Harness the Power of Social Sharing to Build Your Copywriting Business
By Steve Maurer
One key to building a copywriting business is making connections. You need to get the word out. Social media networking is a way to make yourself known in the vast world of cyberspace.
It takes time to build up a following. But there are some tricks and strategies you can use to speed up the process. These tricks don't take much time to implement. And once you start doing them on a regular basis, you'll see the effect snowballing.
Really these aren’t “tricks” at all. They’re networking basics, and knowing what they are is fundamental to using social networking effectively. They are:
- Networking and the 6 degrees of separation
- The differences in liking, commenting, and sharing
- How to comment effectively
- Leveraging OPC (Other People's Content)
Let's start with the first one.
Networking and the 6 Degrees of Separation
The concept of "the 6 degrees of separation" was proposed by author, poet and journalist Frigyes Karinthy. It was the basis for his 1929 short story, Chains.
The idea is that a single person is connected to everyone else in the world by only 6 linked connections. It's been the subject of numerous plays, movies and even scientific research.
And even though the world's population has dramatically increased, the actual degree of separation has, in fact, decreased.
A study done by Facebook proves interesting. According to a page on their research blog, Steve Maurer (yeah, this Steve Maurer) is separated from everyone else by 3.21 connections.
Obviously, online networking has shrunk this small world even smaller. What's the main take away from this networking fundamental? You're connected to everyone in the world. And the number of steps between you and any other person is diminishing. Which means it’s easier than ever to get introduced to someone you want to meet.
By the way … that includes your potential clients.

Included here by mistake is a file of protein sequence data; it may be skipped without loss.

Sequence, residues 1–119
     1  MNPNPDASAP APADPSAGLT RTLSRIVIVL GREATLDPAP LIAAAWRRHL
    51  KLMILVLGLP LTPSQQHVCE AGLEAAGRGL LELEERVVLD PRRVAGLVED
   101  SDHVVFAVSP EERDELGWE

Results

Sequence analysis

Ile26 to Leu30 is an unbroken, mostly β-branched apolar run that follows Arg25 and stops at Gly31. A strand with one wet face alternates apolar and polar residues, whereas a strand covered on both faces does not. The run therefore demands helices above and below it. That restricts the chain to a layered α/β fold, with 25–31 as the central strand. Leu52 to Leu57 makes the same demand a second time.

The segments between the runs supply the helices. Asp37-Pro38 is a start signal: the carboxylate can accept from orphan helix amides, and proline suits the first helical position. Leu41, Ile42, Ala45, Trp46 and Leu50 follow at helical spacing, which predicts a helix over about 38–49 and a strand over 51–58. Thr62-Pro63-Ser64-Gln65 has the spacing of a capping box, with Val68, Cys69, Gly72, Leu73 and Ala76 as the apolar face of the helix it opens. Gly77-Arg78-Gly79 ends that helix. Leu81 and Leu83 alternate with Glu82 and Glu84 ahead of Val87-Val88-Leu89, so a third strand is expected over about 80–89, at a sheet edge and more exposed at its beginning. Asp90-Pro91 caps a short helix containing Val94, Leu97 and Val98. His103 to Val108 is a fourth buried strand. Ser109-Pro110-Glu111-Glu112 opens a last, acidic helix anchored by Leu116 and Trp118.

The differences in liking, commenting, and sharing
Have you ever "liked" a post on LinkedIn or Facebook? Or retweeted something cool on Twitter? In my opinion, the only thing worse, at least for social networking, is just to read it and leave.
"Drive-by liking" does little to get attention. And that's particularly important when reading posts from your potential clients.
Take LinkedIn, for example. I follow companies that would make great clients. By doing that, their posts show up in my news feed. Often, they link to articles on their sites. If I read something interesting, I could "like" the post, giving it that quaint little thumbs-up.
After all, these companies do have someone monitoring their social media. It's one way to gauge effectiveness. But, look at a post on your news feed. In order to see who liked it, you need to click on the symbol. In other words, your face … and name … are hidden from view.
While the social media manager may log the number of likes, she's not there to hunt for names. But, what does interest her are two things: who is commenting and what they are saying and who is sharing her content with their audience. The comments give her a more accurate idea of what people really think about the post. And the shares show her who is helping her extend her reach.
If you want to get noticed by these companies, don't just like … comment and share!
How to comment effectively